Looks like Congress will be served a fresh platter of denial and innocence when Gordon Sondland is deposed on Thursday, the Washington Post reports. The US ambassador to the European Union, now a key player in the Ukraine drama, appears poised to say he sent a text message denying a quid pro quo with Ukraine because that's what President Trump told him. "It's only true that the president said it, not that it was the truth," says someone familiar with his upcoming testimony. Sondland "believed Trump at the time and on that basis passed along assurances" Trump wasn't holding back $400 million in aid for political reasons. Sondland sent the text in response to William Taylor, acting ambassador to Ukraine.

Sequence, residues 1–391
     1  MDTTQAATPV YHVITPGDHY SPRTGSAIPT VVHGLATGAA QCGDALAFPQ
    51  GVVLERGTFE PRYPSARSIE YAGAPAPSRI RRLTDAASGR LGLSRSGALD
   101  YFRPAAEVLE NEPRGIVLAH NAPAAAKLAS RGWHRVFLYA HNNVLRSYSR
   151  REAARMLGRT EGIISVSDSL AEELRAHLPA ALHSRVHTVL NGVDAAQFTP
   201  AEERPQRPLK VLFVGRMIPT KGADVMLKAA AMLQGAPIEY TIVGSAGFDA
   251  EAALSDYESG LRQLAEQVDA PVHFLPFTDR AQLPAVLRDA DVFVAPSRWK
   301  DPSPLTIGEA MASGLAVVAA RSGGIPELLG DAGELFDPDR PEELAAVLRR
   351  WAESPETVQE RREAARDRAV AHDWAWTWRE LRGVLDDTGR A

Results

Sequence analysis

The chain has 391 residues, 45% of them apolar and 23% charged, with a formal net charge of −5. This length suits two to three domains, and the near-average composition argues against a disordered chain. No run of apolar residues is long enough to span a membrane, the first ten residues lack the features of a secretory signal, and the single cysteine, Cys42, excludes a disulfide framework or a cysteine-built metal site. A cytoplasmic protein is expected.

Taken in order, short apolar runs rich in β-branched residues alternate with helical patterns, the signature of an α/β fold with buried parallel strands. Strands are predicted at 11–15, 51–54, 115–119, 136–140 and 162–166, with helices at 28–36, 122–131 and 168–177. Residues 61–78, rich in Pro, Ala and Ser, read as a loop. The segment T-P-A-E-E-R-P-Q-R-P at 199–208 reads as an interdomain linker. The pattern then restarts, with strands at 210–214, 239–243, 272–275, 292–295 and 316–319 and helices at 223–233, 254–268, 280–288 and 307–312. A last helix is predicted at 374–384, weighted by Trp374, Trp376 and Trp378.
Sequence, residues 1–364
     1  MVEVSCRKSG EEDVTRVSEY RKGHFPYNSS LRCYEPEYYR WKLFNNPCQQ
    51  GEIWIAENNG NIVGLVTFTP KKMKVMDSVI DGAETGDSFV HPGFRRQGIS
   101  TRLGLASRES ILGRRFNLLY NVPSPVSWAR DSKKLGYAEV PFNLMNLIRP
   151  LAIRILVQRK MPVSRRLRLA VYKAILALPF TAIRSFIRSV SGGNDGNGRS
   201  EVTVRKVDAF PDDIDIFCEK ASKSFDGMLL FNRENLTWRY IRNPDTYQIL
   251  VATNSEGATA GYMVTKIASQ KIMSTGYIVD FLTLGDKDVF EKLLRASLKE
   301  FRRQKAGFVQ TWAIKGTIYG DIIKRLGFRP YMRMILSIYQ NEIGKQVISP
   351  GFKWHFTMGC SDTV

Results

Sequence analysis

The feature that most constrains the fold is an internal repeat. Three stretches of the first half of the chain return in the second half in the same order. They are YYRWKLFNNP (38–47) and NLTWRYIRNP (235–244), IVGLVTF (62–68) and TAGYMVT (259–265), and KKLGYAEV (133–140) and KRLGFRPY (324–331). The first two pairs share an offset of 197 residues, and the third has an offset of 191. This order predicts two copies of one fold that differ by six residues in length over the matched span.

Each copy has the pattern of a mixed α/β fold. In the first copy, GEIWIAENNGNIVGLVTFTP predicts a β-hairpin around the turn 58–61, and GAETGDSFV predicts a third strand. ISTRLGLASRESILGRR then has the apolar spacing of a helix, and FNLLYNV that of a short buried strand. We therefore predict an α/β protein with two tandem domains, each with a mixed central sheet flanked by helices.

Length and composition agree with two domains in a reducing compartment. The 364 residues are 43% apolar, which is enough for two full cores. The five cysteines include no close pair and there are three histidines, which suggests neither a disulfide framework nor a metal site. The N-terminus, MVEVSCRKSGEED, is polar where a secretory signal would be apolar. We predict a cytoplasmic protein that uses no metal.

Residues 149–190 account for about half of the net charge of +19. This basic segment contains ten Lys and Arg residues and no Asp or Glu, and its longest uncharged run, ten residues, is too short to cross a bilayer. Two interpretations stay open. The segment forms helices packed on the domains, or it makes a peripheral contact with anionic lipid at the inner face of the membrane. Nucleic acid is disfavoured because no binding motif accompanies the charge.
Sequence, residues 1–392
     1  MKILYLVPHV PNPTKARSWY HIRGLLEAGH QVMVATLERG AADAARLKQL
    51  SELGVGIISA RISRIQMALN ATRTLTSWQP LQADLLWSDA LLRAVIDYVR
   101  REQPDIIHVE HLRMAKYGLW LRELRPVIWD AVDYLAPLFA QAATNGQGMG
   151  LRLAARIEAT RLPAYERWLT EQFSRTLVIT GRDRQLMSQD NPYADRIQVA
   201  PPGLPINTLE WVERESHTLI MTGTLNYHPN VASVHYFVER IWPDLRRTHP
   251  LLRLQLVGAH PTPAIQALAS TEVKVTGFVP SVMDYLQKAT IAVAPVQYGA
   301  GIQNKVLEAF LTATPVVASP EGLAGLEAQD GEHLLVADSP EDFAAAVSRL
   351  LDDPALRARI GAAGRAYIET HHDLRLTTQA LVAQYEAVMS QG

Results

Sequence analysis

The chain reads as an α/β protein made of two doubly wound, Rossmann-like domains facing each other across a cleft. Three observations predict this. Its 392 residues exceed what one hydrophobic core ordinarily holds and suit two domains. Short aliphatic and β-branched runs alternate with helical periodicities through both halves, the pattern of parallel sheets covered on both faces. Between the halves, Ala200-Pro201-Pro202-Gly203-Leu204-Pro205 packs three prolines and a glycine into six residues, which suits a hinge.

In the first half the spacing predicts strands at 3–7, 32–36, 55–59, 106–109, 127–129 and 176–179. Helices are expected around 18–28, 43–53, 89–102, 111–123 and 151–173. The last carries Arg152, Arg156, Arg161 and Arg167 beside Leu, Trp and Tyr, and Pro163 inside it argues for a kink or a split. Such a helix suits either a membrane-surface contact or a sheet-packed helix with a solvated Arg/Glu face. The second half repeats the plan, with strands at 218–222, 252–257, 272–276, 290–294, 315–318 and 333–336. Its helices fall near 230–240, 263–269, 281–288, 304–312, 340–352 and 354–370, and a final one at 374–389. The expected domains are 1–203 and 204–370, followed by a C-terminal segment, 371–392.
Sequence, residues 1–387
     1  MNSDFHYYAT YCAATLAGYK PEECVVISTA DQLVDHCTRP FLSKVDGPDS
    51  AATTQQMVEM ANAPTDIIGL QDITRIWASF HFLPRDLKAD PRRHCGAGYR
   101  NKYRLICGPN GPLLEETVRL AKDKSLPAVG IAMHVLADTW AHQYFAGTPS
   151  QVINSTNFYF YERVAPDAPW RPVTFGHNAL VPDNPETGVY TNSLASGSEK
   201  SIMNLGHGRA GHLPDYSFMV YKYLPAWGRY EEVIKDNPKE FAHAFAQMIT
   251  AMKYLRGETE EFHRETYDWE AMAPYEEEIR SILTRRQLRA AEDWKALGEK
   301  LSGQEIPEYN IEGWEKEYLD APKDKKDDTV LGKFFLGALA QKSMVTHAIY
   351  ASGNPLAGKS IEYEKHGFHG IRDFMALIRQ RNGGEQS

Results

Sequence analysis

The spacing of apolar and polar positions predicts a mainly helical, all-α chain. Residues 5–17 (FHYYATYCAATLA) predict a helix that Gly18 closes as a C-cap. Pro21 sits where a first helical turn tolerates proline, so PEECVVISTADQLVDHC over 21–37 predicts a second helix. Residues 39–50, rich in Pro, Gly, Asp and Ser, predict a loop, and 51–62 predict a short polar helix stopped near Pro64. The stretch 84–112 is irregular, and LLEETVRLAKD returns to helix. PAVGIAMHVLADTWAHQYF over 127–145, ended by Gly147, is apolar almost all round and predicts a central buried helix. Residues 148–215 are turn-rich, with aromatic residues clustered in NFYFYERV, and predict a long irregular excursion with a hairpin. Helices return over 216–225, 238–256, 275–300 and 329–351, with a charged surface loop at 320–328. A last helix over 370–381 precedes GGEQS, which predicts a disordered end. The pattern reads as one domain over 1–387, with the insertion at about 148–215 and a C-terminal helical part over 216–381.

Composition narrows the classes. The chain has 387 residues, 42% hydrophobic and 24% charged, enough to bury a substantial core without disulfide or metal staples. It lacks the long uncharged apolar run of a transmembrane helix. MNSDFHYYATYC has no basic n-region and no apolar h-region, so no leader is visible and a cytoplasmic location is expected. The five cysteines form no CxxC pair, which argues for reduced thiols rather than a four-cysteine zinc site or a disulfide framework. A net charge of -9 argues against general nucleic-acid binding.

Taylor had texted him, saying, "I think it's crazy to withhold security assistance for help with a political campaign." So Sondland apparently called Trump and was told there's no quid pro quo—that is, no attempt to pressure Ukraine into investigating Joe Biden and Hunter Biden in return for the aid money. Sondland will, however, likely say he worked for Rudy Giuliani to pressure Ukraine into investigating corruption in exchange for Ukrainian President Volodymyr Zelensky visiting the White House. All this while Giuliani was telling the media that Hunter Biden's activities in Ukraine could hurt his dad's presidential campaign—an effort Trump is still apparently pursuing, per Vanity Fair. "Where's Hunter?" Trump tweeted Sunday. "He has totally disappeared!" (Read more Trump impeachment stories.)